In our skype English classes students often have issues with ‘fun’ and ‘funny’ The difference of the use of these two words is very subtle. When a mistake is made, nearly always students say ‘funny’ (‘e.g. ‘we had a funny time at the shopping centre’) when they should be saying ‘fun’ and not the other way round. This is because using ‘fun’ is a lot more common than ‘funny’. Thus if you have a doubt about which one to use after reading the following, always go for ‘fun’. More than likely you will be correct. Now on to the grammar:

‘Fun’ is both an adjective and a noun whilst ‘funny’ is an adjective only.

‘Fun’ refers to when you have a good time or when you enjoy yourself (cuando ‘lo pasas bien’ o ‘cuando te disfrutes’). For example, we could say ‘visiting my friend was fun’ or ‘it was fun to go skiing’ or ‘the party will be lots of fun’. Using ‘fun’ as a noun (remember, it is uncountable) we could say ‘we had fun at the event’ or ‘we will have fun on holiday’.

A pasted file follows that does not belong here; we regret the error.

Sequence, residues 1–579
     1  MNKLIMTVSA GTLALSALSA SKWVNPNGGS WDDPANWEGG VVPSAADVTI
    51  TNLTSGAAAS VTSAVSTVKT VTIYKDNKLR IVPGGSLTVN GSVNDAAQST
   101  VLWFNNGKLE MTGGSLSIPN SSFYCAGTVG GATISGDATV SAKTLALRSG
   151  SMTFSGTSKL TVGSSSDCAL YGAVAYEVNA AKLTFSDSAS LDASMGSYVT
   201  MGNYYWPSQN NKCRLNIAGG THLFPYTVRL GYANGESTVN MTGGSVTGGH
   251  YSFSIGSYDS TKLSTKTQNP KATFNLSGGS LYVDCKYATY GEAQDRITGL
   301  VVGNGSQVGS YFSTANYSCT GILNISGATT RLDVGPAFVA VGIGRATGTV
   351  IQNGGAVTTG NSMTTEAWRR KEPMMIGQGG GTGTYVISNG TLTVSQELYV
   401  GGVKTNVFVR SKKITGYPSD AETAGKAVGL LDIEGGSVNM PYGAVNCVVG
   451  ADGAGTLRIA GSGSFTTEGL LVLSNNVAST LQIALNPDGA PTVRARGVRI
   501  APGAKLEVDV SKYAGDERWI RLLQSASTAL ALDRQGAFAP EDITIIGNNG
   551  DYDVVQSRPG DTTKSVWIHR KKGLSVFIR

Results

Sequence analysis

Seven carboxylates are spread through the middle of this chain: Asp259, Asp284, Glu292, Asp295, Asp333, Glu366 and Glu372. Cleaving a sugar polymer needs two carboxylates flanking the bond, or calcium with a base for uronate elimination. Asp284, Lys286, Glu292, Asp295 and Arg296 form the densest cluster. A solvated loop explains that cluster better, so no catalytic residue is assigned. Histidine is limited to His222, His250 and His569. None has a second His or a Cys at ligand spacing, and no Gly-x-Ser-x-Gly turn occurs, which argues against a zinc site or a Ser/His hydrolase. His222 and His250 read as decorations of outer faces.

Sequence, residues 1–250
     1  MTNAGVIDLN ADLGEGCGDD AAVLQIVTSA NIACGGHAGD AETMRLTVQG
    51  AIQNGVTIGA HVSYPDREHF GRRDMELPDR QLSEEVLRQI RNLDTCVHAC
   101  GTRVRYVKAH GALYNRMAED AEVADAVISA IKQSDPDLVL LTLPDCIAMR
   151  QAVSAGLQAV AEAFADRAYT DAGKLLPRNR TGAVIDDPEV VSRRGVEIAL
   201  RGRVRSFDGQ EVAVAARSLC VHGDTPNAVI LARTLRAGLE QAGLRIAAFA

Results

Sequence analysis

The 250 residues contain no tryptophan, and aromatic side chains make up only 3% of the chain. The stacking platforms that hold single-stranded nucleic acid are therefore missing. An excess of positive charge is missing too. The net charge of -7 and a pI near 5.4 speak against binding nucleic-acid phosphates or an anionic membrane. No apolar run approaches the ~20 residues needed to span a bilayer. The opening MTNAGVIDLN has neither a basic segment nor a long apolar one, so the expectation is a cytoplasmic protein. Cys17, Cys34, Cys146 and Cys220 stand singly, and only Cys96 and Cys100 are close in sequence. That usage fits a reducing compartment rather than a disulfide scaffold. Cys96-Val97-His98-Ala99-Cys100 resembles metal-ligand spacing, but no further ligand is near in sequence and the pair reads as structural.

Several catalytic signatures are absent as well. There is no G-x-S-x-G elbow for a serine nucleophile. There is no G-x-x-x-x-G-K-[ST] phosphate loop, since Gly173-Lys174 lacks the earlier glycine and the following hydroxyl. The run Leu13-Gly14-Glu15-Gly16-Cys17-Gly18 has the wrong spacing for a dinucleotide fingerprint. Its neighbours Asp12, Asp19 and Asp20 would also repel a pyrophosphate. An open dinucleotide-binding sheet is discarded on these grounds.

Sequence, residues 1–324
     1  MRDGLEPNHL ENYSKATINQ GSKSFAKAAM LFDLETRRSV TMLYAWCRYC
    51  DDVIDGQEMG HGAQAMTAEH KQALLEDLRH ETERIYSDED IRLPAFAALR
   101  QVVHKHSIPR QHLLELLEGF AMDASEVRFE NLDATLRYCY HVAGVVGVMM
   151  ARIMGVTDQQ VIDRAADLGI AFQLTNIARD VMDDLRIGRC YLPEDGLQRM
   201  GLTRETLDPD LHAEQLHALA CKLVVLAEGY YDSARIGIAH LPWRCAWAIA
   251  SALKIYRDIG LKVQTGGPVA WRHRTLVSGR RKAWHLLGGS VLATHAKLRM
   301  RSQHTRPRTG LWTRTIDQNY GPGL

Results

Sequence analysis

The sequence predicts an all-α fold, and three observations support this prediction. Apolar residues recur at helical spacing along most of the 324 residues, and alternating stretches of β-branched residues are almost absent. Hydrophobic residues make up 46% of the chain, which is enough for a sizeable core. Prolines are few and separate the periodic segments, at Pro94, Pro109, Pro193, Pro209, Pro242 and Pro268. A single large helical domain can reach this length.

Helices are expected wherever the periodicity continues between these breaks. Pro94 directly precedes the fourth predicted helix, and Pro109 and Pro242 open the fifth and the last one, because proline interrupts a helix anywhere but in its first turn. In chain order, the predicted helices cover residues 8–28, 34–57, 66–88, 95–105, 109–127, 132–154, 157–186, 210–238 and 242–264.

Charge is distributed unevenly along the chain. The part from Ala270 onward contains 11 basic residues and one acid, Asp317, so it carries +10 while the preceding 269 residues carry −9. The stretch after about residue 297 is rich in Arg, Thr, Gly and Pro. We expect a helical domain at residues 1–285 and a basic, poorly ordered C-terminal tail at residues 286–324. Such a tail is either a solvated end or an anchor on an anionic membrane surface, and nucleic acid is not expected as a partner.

‘Funny’ is employed when a situation or person makes you laugh. For example, ‘the comedy is funny’ or ‘the clown is funny’.

In British English slang ‘funny’ can also mean ‘strange’, ‘odd’ or ‘bizarre’. For example, ‘the man painted his nails and that is a funny thing to do’.

Many times the translation of ‘fun’ as an adjective is ‘divertido’ in Spanish, whilst ‘funny’ could be ‘comico’.


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